Who Really Invented the Word 'Asteroid' for Space Rocks?

SEATTLE – A 2008 book cast doubt on the longstanding belief that William Herschel is the person who coined the term "asteroid." But a new study concludes the credit indeed goes to the great English astronomer.

In his book "The Age of Wonder," Richard Holmes argued that a contemporary of Herschel's, philologist Stephen Weston, came up with the word and offered it to Herschel. But the new research found that the word had been coined before Weston could have suggested it. [Image Gallery: Asteroids]

"Holmes' claim cannot be sustained," said lead author Clifford Cunningham, of James Cook University in Queensland, Australia. Cunningham presented his team's results here yesterday (Jan. 9), during the winter meeting of the American Astronomical Society.

Naming a new class of objects

When Ceres was discovered in 1801 and 2 Pallas was detected the next year, both space rocks were thought to be planets. But Herschel, one of the most eminent astronomers of his day, believed they belonged to a new class of space object, Cunningham said.

In 1802, the German-born Herschel set out to find a name for these space rocks. He enlisted the help of some friends. One of them, William Watson, offered many suggestions — including planeret, planetel, planetule, planetkin and planetling. Herschel nixed them all, probably because he didn't want to extend the rocks' association with planets, Cunningham said.

Herschel then turned to a real bigwig: Sir Joseph Banks, president of the Royal Society and a famed naturalist and botanist. Banks had decades of experience creating  terminology for newly discovered plants and animals. During Captain Cook's great voyage of discovery from 1768 to 1771, for example, Banks collected and described many species new to science.

Weston gets in the game

It is likely Banks got many such requests, Cunningham said, noting that Erasmus Darwin — Charles' grandfather — also asked Banks for nomenclatural aid in 1781.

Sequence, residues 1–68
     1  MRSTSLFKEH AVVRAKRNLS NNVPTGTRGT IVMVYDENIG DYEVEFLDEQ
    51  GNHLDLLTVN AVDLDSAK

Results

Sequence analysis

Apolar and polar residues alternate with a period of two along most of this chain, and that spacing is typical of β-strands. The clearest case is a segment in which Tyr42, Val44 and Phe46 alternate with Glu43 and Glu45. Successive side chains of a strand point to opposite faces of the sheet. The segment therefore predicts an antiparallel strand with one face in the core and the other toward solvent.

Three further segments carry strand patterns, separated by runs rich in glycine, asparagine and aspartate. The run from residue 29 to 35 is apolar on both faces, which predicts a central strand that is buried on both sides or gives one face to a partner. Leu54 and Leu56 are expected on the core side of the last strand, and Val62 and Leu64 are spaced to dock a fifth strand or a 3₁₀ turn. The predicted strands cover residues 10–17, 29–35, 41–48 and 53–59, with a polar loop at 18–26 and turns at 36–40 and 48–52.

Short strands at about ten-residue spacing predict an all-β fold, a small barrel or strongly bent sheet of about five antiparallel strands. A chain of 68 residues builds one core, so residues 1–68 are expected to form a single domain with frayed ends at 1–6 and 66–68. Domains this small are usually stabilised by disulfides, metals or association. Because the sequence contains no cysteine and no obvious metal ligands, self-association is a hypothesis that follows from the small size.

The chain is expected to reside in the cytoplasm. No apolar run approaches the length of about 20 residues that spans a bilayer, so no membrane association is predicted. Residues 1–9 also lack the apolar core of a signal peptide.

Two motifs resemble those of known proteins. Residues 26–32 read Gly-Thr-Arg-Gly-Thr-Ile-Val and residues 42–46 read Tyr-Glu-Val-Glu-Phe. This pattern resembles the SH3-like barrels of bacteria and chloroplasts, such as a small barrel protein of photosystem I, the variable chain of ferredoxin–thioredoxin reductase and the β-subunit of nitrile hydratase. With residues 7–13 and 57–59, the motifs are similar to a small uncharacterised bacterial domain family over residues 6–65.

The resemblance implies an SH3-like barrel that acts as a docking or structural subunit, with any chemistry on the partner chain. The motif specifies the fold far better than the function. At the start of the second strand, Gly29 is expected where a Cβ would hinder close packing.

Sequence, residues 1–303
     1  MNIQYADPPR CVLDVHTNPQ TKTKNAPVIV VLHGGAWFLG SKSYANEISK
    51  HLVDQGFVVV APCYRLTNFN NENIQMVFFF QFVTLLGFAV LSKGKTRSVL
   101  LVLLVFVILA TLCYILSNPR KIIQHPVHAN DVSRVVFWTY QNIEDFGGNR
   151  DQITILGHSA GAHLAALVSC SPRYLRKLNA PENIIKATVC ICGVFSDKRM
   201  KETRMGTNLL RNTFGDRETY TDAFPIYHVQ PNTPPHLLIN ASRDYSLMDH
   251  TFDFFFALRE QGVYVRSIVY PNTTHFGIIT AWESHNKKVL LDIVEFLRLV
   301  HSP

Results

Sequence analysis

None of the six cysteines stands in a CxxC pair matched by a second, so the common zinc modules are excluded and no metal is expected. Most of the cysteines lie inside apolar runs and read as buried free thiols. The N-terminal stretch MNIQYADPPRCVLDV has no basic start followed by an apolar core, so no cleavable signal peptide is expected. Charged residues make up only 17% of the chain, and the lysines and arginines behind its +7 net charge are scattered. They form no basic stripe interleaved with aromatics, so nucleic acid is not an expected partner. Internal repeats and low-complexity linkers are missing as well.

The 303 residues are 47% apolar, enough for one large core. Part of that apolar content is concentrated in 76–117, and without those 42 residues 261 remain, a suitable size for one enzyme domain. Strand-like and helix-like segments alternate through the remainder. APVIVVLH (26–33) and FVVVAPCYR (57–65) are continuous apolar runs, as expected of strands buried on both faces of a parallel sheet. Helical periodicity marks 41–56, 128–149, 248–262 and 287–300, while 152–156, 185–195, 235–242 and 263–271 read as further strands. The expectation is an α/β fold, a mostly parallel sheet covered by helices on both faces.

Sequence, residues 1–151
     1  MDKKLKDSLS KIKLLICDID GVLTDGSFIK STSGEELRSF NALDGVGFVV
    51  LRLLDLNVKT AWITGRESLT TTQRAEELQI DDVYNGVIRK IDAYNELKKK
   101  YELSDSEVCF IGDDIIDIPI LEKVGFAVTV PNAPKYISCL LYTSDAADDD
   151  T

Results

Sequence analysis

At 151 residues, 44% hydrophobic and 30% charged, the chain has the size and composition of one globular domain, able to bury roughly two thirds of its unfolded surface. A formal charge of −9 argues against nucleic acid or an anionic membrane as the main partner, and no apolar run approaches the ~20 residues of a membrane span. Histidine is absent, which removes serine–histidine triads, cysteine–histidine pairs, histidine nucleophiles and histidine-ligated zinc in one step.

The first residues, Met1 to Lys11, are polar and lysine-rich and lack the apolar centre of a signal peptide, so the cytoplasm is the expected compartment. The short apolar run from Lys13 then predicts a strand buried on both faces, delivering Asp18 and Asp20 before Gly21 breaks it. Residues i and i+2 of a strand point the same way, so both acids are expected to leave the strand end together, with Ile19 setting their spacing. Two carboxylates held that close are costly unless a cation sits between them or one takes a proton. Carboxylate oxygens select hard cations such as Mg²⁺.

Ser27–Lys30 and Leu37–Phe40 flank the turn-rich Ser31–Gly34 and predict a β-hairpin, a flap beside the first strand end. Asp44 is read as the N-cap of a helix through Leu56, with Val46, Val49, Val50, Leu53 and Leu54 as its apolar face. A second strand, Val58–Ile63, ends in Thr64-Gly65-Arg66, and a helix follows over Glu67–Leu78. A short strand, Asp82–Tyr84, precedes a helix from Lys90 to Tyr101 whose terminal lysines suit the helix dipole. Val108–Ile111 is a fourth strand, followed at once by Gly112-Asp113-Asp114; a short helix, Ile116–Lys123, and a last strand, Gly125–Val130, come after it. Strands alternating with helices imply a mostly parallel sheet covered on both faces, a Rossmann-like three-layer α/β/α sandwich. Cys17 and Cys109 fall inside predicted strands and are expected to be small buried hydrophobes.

"Banks was regarded as the expert, the person to turn to," Cunningham said.

But Banks was a very busy man, and he decided to delegate the job of helping Herschel.

"So he farms it out to Stephen Weston, who is the pre-eminent philologist in England," Cunningham said. Phililogists study the historical use of language.

Holmes' book makes the case that Weston came up with "asteroid," which is derived from the Greek for "star-like." But Cunningham dug into the chronology — looking at letters to and from many of the major players in this etymological drama — and determined that Holmes' scenario could not have happened.

Watson gave Herschel his list of unacceptable names in April 1802, the word "asteroid" was coined in May, and  Weston didn't make his suggestions until June, Cunningham asserted.

'Asteroid' wins out

"Asteroid” made sense: The space rocks often looked like little points of light when seen through the telescopes of the day. [5 Reasons to Care About Asteroids] Still, Cunningham’s chronology suggests Herschel wasn't entirely satisfied with the term and was hoping a better alternative would come along.

"But nothing better did," Cunningham said. "So we are left with the word 'asteroid.'"

Herschel's contemporaries may have been even less impressed with the term than he was. Cunningham cited a letter to Herschel from Giuseppe Piazzi, the Italian astronomer who had discovered Ceres (now classified as a dwarf planet).

"And for the naming, could one not call the little planets 'planetoids'?" Piazzi wrote.